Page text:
(Sorry this isn't the second Name of the Wind post, but my brain has been frazzled and this post has been waiting in drafts for far too long. I also suspect it's going to be topical as we continue to dig into Kvothe's adventures in the coming weeks.)
Most people who aren't Ayn Rand are willing to acknowledge a difference between things they like and things that are "good", a distinction that is at once counterintuitive and perfectly natural. It is with that distinction in mind that I watched two movies recently: Conan the Barbarian (the 1982 original) and Vampire Academy (based on books of the same name). These movies aren't good, but they are bad in specific ways that call into question what exactly we mean by "good" to begin with.
I'll start with Conan, because I have less to say about it: it's the incredibly straightforward story of a Proud Warrior Tribe kid whose village is destroyed by an evil man, who gets taken as a gladiator slave, runs away to freedom, slays monsters, has gratuitous sex with dubious consent, and finally kills the evil black wizard who slaughtered his people. He has a love interest and a couple of comic relief sidekicks of indistinct ethnicity and fundamentally racist conventions, he gets some unexpected and inexplicable Christ imagery, and assures us all that a true hero is an independent burly man who single-handedly decapitates bad guys. Throughout the adventure, he is narrated in epic saga style.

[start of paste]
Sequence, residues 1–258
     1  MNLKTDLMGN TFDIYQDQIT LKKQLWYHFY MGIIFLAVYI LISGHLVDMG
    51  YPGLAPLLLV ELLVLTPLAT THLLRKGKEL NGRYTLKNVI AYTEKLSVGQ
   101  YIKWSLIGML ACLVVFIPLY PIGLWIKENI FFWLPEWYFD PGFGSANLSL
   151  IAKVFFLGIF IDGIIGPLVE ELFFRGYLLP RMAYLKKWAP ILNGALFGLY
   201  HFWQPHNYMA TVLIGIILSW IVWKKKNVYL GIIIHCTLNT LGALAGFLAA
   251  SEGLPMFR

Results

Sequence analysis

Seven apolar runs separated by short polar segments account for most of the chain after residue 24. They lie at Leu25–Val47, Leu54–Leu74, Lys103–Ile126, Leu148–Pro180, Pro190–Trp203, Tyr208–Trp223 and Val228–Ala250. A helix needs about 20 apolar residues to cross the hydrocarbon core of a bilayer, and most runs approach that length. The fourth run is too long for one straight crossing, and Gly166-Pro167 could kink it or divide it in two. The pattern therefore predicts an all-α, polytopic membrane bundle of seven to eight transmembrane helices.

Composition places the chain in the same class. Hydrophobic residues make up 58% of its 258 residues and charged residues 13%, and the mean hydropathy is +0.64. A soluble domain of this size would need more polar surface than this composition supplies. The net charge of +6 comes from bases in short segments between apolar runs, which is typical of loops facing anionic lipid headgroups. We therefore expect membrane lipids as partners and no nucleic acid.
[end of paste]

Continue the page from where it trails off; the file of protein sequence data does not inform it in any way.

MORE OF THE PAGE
This is a bad movie, let there be no question. Even the heroic POC tend to be cowardly and animalistic, and for all that James Earl Jones does some spectacular work as the villain, the climax of the movie is a white man setting a bunch of impressionable kids free by murdering a black man. The love interest dies literally fifteen minutes after our heroes performed a magic ritual to bring Conan back from the dead, and yet no one asks whether maybe they should just do that again. There's a thoroughly unexpected scene when Conan steals an evil priest's robes by using the man's predatory gay tendencies against him. All bigoted writing--literally every word of it--is also lazy writing.